Accession of Turkey to the European Union. Turkey's application to accede to the European Economic Community, a predecessor of the European Union (EU), was made on 14 April 1987.
Turkey has been an associate member since 1963. After the ten founding members, Turkey was one of the first countries to become a member of the Council of Europe in 1949, and was also a founding member of the Organisation for Economic Co-operation and Development (OECD) in 1961 and the Organization for Security and Co-operation in Europe (OSCE) in 1973. The country has also been an associate member of the Western European Union since 1992, and is a part of the "Western Europe" branch of the Western European and Others Group (WEOG) at the United Nations. Turkey signed a Customs Union agreement with the EU in 1995 and was officially recognised as a candidate for full membership on 12 December 1999, at the Helsinki summit of the European Council. History Background 1960s–1990s 2000s Positive Agenda Future Timeline
Egemen Bagis: 'Europe needs Turkey' - Talk to Al Jazeera. There is a change going on in the European political landscape. Although their agendas vary from country to country, political parties appealing to some form of traditional or nationalistic values have recently garnered significant footholds in the parliaments of Finland, Norway, Holland, Hungary, Sweden and Italy. There is often one common concern that unites these parties: Can Turkey, a predominantly Muslim country, join the European Union? Turkey is at the doorstep of Europe and it wants to come in. Despite growing anti-Muslim sentiments and a deepening economic downturn in Europe, Turkey is still negotiating to become a full member of the European Union. On this episode of Talk to Al Jazeera, we ask Egemen Bagis, Turkey's minister for European affairs and its chief EU negotiator, if Turkey is still as interested in joining the EU as it previously was or whether its perspective has changed.
Fifty Years On, Turkey Still Pines to Become European. This summer, Turkey celebrated a dubious anniversary: it was 50 years ago that the country first asked to join the European Union — or, as it was then known, the European Economic Community.
Half a century on, Turkey is still waiting to be let in. In that time, other countries have joined, expanding the once six-member European club to 27. But even the most optimistic scenario says Turkey is unlikely to be part of the E.U. for at least another decade. Turkey's leaders say they remain committed to their bid, however long it takes. But patience might not be enough, according to a report published Sept. 7 by a panel of European grandees. Although the report does not mention them by name, it clearly targets French President Nicolas Sarkozy and German Chancellor Angela Merkel, who have both said that Turkey can never be allowed to join the E.U.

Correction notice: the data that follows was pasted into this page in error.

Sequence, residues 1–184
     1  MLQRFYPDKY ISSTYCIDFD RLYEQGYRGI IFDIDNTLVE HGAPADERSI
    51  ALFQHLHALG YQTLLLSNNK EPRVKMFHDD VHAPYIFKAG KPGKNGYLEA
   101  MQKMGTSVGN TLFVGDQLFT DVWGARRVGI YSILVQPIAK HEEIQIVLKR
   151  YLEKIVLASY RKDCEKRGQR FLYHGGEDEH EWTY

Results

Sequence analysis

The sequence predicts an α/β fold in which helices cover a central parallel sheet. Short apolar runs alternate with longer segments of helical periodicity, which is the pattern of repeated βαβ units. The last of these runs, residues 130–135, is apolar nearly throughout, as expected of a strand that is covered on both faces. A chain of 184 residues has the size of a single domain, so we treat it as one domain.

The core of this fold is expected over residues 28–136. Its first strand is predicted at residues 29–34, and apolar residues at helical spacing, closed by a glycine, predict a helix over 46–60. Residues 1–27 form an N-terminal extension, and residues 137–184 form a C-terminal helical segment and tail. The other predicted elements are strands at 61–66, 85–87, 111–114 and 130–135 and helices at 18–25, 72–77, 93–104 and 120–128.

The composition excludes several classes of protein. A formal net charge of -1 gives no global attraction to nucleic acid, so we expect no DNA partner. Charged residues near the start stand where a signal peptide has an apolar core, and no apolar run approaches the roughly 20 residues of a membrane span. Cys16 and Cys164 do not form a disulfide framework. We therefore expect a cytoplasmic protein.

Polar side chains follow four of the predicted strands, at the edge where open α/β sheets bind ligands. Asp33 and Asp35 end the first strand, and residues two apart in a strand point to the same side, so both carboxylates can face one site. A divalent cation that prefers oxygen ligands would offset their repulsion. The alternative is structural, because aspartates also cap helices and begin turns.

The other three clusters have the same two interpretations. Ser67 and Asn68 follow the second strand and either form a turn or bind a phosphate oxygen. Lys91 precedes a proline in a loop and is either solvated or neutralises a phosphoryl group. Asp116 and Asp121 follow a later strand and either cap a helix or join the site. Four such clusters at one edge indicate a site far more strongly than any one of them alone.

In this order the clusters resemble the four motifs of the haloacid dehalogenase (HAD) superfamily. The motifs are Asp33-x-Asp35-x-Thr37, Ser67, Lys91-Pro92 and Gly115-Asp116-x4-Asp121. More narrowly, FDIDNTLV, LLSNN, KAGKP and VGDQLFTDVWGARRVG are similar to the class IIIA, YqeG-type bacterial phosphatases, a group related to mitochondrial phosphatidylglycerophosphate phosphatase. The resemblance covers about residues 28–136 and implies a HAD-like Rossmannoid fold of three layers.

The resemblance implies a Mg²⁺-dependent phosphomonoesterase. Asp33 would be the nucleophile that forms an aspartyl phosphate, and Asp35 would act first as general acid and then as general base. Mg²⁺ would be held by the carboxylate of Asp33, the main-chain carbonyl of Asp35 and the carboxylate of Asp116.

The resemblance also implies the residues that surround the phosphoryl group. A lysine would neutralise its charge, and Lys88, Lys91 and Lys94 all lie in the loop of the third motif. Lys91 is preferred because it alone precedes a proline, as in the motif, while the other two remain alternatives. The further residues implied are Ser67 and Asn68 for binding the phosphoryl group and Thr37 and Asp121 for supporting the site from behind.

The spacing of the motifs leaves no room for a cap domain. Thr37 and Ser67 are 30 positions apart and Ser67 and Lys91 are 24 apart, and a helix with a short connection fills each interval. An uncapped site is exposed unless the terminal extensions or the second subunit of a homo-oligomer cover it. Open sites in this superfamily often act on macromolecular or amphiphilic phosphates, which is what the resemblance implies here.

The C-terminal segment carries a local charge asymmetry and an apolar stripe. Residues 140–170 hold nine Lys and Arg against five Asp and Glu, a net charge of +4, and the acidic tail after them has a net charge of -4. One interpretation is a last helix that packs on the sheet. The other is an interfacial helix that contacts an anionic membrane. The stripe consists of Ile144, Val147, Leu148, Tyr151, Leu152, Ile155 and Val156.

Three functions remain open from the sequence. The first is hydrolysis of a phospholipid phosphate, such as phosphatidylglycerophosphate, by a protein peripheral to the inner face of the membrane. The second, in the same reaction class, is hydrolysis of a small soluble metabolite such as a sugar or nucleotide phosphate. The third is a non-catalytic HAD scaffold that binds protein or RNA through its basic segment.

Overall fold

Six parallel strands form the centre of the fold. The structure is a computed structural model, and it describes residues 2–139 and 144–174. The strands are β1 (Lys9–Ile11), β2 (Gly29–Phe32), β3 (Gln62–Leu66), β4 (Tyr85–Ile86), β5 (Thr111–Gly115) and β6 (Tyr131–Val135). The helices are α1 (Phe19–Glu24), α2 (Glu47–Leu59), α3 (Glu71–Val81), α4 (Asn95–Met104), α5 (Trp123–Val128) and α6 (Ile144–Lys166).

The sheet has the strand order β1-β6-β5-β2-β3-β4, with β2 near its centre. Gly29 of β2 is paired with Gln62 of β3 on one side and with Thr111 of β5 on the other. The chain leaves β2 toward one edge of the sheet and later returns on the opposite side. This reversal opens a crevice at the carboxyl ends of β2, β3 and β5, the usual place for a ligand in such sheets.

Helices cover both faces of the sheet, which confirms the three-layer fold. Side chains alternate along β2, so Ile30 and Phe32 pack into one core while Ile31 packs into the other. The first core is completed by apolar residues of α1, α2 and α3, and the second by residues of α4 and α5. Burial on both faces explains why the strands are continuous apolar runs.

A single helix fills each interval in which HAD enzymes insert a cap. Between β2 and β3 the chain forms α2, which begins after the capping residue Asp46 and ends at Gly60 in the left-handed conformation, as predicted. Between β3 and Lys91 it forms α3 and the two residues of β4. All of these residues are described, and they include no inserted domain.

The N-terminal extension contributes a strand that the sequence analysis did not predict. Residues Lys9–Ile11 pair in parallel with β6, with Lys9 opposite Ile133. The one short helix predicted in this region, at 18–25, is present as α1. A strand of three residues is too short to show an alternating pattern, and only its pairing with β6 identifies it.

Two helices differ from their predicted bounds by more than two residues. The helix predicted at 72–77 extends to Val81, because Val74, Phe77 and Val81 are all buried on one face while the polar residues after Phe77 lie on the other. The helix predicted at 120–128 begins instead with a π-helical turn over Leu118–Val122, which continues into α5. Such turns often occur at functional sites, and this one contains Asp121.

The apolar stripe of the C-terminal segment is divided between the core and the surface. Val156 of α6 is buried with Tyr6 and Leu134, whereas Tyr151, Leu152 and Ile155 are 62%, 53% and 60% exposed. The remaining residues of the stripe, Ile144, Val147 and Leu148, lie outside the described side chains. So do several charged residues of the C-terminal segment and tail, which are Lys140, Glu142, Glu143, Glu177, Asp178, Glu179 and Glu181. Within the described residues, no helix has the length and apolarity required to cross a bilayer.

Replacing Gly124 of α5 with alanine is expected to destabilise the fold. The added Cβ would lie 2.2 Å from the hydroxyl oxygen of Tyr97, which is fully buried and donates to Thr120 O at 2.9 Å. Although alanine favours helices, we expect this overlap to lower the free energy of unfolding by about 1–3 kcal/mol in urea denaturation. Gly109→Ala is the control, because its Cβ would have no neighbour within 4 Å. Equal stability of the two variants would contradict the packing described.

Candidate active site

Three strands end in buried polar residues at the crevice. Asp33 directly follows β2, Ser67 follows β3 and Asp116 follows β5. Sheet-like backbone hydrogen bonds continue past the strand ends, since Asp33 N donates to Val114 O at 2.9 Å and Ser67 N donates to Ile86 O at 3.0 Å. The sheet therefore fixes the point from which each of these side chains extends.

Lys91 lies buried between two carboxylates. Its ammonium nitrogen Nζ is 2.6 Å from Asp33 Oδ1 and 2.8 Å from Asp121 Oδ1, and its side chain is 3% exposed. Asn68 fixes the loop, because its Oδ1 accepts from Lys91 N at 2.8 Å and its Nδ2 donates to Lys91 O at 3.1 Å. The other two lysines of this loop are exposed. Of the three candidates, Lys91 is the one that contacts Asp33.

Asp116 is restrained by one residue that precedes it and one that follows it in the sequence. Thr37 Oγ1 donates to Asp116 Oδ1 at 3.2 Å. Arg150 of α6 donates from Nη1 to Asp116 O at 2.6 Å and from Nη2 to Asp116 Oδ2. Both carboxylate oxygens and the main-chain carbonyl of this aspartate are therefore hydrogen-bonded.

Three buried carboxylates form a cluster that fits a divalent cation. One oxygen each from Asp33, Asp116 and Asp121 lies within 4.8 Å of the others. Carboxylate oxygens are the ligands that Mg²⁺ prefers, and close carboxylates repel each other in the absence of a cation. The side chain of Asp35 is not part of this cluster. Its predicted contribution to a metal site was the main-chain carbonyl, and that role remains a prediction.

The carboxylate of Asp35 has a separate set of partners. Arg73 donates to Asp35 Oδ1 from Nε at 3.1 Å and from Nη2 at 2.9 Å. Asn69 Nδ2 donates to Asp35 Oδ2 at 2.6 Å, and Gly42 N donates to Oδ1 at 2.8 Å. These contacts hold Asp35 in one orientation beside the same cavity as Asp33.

This hostility has not been missed by the Turkish. Turkey itself has to take some blame for the impasse. Is Turkey appeasing the EU? - Inside Story. The Turkish government led by Recep Tayyip Erdogan, the prime minister, has decided to return properties confiscated from religious minorities 75 years ago. According to a decree issued this week, property taken away from minority religious foundations under a 1936 declaration will be returned to them. The Turkish government says it will pay compensation for properties that were seized and later sold.
Minority foundations will have 12 months to apply to Turkish authorities to reclaim their property. The European Commission quickly welcomed the decree, but said in a statement that it will monitor closely the implementation of this new legislation. The World Factbook. ShowIntroduction :: TURKEY Panel - Collapsed Modern Turkey was founded in 1923 from the Anatolian remnants of the defeated Ottoman Empire by national hero Mustafa KEMAL, who was later honored with the title Ataturk or "Father of the Turks.
" Under his leadership, the country adopted wide-ranging social, legal, and political reforms. After a period of one-party rule, an experiment with multi-party politics led to the 1950 election victory of the opposition Democratic Party and the peaceful transfer of power. Since then, Turkish political parties have multiplied, but democracy has been fractured by periods of instability and intermittent military coups (1960, 1971, 1980), which in each case eventually resulted in a return of political power to civilians. In 1997, the military again helped engineer the ouster - popularly dubbed a "post-modern coup" - of the then Islamic-oriented government.